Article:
Purdue University Graduate School

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posted on 2020-08-05, 19:18 authored by Michelle M MartindaleMichelle M Martindale

This dissertation examines the rise of the country’s largest beef processor, IBP, Inc., during the late-twentieth century and its effect on laborers, farmers, business, and the communities in which it operated. Though scholars have cited IBP’s technological advances as the reason for the company’s success, I argue that IBP’s unique public relations approach that manufactured the consent of local communities to pay comparatively low wages, provide tax breaks, and in the instance of cattle producers defend IBP’s right to “free enterprise,” provided it with a competitive advantage. From 1960 through the 1980s, the meatpacking industry endured a revolution stemming from IBP’s ability to maintain enough community consent to gain large market shares and draw down substantial profits.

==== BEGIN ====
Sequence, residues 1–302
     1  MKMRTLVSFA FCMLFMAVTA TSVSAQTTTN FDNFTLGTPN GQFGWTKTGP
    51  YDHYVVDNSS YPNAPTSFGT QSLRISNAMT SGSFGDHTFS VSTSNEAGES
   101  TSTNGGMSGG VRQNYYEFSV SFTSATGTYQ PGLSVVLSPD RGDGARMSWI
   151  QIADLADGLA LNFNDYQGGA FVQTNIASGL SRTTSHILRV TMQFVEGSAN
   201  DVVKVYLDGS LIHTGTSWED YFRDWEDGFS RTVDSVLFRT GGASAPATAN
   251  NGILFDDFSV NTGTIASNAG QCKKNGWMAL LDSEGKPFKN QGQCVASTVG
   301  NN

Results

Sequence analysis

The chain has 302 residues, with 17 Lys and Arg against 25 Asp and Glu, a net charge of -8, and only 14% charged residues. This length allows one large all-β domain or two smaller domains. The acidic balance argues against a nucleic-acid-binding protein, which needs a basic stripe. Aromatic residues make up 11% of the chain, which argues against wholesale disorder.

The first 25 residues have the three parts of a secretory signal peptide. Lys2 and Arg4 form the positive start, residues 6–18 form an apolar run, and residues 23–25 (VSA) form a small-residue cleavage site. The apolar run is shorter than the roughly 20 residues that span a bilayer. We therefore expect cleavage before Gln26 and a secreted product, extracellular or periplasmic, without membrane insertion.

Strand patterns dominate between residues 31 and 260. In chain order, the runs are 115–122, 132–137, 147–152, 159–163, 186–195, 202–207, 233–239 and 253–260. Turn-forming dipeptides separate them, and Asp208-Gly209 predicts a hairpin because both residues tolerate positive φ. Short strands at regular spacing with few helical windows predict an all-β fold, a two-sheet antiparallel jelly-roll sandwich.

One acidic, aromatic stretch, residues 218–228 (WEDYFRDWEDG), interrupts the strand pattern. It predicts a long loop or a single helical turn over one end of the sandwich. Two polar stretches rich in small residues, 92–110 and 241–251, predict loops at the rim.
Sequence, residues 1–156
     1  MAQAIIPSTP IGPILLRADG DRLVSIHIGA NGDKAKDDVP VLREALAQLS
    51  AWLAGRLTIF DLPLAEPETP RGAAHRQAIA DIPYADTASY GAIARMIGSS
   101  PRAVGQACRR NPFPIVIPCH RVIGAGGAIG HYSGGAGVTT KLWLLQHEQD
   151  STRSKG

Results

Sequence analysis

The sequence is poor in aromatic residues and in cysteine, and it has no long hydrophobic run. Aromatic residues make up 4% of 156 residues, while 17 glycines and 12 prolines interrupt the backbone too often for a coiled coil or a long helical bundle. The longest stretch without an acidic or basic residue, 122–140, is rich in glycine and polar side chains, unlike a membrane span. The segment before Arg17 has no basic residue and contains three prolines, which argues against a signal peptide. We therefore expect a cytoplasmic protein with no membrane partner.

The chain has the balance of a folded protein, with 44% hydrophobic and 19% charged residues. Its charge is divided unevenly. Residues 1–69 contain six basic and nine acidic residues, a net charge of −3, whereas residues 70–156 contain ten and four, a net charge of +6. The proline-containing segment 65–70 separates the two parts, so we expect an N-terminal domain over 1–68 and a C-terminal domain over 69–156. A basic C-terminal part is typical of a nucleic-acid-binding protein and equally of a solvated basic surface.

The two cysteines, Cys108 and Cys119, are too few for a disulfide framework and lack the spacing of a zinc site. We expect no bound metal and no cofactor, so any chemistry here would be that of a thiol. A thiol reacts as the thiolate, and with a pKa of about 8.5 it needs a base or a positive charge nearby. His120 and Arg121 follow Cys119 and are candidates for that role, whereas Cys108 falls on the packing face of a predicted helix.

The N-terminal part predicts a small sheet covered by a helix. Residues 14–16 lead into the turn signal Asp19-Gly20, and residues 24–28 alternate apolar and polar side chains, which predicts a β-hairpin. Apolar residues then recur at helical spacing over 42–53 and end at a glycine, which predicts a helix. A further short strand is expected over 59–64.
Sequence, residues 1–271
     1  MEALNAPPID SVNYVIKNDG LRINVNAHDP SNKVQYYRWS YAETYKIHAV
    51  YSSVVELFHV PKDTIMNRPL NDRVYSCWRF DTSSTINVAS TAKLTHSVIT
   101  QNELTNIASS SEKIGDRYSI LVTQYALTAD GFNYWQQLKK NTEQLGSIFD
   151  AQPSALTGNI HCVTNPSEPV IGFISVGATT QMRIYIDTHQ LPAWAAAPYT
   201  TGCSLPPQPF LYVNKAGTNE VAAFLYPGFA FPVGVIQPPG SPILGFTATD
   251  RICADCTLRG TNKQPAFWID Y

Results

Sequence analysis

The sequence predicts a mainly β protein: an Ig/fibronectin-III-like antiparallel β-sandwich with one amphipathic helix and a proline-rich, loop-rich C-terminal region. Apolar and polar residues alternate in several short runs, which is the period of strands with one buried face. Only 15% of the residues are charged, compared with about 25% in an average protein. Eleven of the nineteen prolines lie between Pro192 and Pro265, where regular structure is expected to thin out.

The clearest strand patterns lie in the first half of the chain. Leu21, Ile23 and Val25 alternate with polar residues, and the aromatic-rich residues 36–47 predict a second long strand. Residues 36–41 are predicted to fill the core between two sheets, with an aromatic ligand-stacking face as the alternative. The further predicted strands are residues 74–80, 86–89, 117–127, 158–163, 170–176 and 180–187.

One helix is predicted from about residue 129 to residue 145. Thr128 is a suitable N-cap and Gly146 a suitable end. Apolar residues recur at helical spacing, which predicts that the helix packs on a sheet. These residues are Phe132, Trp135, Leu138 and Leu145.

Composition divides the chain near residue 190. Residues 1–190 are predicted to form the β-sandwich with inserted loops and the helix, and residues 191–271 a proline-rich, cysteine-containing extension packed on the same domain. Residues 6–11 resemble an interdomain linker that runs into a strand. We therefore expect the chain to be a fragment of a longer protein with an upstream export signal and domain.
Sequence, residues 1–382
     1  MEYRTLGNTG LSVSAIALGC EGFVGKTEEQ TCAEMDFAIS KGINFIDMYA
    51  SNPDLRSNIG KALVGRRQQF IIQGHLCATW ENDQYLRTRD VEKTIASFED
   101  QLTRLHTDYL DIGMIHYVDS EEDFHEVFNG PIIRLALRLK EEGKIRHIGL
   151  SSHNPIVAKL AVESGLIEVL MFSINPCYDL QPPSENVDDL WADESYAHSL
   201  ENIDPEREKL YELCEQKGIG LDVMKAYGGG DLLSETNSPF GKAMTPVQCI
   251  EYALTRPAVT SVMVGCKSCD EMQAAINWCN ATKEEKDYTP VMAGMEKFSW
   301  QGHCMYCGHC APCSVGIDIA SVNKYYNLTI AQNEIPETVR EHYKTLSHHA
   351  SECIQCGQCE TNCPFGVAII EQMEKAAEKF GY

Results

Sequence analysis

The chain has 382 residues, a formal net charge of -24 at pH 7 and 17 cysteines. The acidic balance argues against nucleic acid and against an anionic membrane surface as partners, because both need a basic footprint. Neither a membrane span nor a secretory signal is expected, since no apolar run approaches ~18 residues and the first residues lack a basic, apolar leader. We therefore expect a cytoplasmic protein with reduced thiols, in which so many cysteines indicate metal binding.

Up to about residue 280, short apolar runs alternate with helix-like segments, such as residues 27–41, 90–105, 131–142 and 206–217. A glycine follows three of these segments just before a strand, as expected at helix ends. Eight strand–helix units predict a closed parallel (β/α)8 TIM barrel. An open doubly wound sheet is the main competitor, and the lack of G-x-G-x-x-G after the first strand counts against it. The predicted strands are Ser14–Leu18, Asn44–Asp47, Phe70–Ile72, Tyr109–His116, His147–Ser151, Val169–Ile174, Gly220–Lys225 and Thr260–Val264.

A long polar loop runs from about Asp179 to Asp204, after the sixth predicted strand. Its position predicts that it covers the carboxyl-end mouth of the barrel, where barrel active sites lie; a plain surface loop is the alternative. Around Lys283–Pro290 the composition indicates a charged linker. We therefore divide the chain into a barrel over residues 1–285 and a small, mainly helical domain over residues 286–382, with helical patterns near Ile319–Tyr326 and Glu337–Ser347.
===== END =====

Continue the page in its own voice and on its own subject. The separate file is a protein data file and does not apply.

Yet gaining and keeping consent was not easy, nor was it linear. At one point or another all of these entities opposed IBP on a myriad of fronts, but their early cooperation aided in creating a corporate juggernaut that often limited their economic or political power. For IBP’s part, the company’s founders and subsequent executive managers fostered a masculine, individualistic sense of corporate capitalism, which I refer to as cowboy capitalism. Executives painted themselves as farm boys and cowboys, as renegades who were bringing hard work and plain talk to the inefficient meatpacking industry. This conservative, bootstrap mentality played well in the Siouxland region of the Northern Great Plains, where IBP began. Just as corporate success is aided by community consent, rescinding consent creates challenges for the company that can temporarily cause a decline, or at the very least roadblock to company growth. Though founders, managers, and key innovators gain critical and laudatory attention for their role in growing American capitalism; extended community support in terms of governmental and non-governmental actors rarely have been the focus of a corporate study. It is community consent, both active and latent, governmental and non-governmental, that supported the cowboy capitalism IBP deployed to start a revolution.


Bilsland Dissertation Fellowship


Degree Type

  • Doctor of Philosophy


  • History

Campus location

  • West Lafayette

Advisor/Supervisor/Committee Chair

Nancy F. Gabin

Additional Committee Member 2

John L. Larson

Additional Committee Member 3

Sharra Vostral

Additional Committee Member 4

R. Douglas Hurt